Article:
11 September, 2012

Cash For Clunkers For Idiots

Assume you drive 12,000 miles in a year in an old car that gets 12 mpg.  In an average year you will purchase 1000 gallons of gasoline which at $3.50/gallon equates to $3,500 in fuel costs.  Assuming you are a responsible driver and get your oil changed by the "pros" at Jiffy Lube every 3,000 miles ($29,95) you spend another $120 per year on minimum maintenance.

Assume your "clunker" is valued at $4,000, of which you pay about $50 in personal property tax for the "privilege" of owning a car.

Now, you decide to trade in this "clunker" which you own, free and clear, towards a brand-new, higher-mileage car.  You get Kelly Blue Book top dollar for your trade-in, having kept it in immaculate, showroom condition all these years.  You negotiate a great price on a 2013 Ford Fusion SE - $23,000.  After taxes and tags you owe $24,380, minus your trade PLUS the extra grand you brought with you to sweeten the pot = $19,380 which you agree to finance on-site at a great rate of 2.9%.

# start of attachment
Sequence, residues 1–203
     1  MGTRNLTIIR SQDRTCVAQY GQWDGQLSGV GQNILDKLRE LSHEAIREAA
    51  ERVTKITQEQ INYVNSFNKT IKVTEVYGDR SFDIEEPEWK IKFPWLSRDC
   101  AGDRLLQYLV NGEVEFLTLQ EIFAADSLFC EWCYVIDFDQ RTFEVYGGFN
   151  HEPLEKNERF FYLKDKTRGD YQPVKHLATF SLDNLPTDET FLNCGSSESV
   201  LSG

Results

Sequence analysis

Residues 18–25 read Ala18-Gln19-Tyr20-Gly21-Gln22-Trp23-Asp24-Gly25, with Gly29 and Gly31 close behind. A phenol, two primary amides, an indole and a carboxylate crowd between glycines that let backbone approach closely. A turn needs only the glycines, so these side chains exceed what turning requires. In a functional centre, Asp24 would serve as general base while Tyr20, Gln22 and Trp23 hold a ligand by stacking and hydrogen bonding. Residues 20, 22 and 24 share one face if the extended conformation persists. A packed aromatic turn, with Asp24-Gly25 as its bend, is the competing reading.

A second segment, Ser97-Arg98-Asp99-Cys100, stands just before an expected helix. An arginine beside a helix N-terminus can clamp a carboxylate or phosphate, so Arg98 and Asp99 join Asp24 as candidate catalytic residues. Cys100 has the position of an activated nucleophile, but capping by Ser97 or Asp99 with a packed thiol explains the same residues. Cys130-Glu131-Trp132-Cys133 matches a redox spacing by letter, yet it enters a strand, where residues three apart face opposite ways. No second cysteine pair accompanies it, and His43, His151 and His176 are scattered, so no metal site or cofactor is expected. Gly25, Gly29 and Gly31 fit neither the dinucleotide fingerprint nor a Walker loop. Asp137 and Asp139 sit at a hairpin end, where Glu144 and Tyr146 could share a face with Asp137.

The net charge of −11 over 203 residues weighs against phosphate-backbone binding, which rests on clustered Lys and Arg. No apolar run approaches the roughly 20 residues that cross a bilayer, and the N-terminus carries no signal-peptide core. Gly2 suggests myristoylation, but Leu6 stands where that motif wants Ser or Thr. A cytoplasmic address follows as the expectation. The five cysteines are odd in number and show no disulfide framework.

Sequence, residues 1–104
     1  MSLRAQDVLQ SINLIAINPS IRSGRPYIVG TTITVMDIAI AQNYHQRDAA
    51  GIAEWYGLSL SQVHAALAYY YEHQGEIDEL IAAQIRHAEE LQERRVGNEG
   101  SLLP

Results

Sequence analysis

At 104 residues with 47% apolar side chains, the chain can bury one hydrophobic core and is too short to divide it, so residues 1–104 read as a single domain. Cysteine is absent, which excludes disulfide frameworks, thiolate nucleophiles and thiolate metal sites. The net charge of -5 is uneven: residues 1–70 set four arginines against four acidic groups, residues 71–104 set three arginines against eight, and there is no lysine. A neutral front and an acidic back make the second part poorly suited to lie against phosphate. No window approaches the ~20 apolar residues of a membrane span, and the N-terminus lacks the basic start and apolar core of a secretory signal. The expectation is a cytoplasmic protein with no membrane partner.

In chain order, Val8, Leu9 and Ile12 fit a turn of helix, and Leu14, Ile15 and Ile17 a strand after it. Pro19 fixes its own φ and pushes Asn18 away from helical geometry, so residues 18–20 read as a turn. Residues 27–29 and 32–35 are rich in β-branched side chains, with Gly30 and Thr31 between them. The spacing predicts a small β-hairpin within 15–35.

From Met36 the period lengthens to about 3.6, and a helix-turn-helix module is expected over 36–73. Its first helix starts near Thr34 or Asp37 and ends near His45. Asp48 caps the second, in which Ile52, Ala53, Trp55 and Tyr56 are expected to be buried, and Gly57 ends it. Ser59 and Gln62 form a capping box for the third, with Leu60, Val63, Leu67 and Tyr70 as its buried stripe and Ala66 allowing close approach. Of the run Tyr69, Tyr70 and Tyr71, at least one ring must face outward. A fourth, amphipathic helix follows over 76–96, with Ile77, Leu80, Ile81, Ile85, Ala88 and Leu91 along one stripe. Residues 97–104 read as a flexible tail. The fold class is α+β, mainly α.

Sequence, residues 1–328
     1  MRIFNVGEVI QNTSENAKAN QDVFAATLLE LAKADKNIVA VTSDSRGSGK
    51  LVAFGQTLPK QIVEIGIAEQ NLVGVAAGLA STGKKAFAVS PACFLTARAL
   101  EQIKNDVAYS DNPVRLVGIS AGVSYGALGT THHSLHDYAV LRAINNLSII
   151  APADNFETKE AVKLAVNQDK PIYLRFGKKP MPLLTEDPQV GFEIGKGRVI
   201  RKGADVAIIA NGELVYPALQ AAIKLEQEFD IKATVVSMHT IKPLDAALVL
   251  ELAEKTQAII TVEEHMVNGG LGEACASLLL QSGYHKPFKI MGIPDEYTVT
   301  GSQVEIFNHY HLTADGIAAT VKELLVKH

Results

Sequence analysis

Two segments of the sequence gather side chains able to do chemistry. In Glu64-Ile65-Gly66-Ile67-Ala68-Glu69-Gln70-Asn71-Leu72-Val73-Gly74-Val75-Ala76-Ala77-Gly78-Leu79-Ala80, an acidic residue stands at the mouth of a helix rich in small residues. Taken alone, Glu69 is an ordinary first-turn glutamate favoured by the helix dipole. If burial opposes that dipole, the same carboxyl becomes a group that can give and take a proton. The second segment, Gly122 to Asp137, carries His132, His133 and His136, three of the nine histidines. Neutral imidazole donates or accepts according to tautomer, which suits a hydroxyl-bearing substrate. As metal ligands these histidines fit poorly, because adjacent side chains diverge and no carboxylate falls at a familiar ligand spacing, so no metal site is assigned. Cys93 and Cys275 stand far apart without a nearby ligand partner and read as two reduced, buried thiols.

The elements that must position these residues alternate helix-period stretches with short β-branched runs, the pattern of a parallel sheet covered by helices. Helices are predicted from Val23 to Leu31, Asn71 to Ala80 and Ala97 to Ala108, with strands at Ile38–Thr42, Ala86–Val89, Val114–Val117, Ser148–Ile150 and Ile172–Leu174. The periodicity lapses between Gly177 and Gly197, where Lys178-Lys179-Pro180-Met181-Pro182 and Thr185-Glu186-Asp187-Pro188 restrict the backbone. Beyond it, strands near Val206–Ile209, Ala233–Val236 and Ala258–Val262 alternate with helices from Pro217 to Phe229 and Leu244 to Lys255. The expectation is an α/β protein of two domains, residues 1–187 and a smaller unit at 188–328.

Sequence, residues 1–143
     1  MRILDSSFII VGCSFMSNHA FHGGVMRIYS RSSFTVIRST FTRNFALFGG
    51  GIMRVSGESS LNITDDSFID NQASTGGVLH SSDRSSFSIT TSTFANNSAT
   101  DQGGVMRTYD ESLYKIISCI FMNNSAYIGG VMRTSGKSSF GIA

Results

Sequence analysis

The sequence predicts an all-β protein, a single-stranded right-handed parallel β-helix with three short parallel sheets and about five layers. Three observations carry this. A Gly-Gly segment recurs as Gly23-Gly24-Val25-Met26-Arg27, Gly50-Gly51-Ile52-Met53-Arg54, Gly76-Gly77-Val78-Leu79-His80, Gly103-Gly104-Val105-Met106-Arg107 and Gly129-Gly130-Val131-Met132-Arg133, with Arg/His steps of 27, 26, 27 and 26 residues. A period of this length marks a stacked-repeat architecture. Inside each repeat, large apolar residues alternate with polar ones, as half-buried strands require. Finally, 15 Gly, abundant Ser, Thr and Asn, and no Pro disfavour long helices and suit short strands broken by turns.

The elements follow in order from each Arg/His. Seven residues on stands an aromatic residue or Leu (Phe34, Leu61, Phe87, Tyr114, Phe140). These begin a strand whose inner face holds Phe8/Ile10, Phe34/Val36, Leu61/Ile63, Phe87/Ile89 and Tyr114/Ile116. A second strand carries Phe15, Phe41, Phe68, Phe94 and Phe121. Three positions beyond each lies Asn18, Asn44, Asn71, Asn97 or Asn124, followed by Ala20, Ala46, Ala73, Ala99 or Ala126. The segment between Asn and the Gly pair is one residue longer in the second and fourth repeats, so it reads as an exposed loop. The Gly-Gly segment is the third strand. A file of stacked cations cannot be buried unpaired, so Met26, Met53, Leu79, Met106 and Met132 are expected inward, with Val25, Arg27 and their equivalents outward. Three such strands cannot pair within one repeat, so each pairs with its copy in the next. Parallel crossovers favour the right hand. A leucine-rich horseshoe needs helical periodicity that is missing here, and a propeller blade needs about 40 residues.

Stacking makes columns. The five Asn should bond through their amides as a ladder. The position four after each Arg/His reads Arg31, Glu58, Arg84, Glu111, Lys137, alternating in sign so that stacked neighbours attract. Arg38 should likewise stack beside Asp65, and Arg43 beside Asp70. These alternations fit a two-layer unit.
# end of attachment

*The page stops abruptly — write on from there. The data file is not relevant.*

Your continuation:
Your new car payment is $594.59/mo for 36 months (three years).  Not to worry, though, this new car gets 25 mpg around town and a staggering 37 mpg on the highway.  Well, your commute is mostly highway miles and you never get caught in traffic, so you assume you average about 32 mpg per tank.  Your driving habits don't change all that much the first three years, so you purchase 375 gallons of fuel at $3.50/gallon, totalling $1,312.50 in total fuel costs.  Your new car has a smart oil feature and only requires oil changes every 6000 miles, and they're included at no charge with your new car service program.  LUCKY YOU!

So, let's add it up.  Your old car, over 36 months would have cost you $11,010 to own.  Your shiny new car?  Well it is taxed at almost $415 annually on top of your fuel and payment, $26,587.73 for a net savings... hey, wait a doggone minute!  It costs over $15,000 MORE to own that new car !  And discounting basic maintenance (tires, filters, etc) for most vehicles as even-up, it would take EIGHT YEARS for the new car to begin to put you on the positive side of that equation.

And let's face it, by then you'll be wanting a new car again anyway.  Sucker.

(Please, by all means, verify or refute my thought process.)

1 comment:

  1. Thankfully no such thing as personal property taxes in my county. I have to pay $24.00 for registration renewal annually and that's it.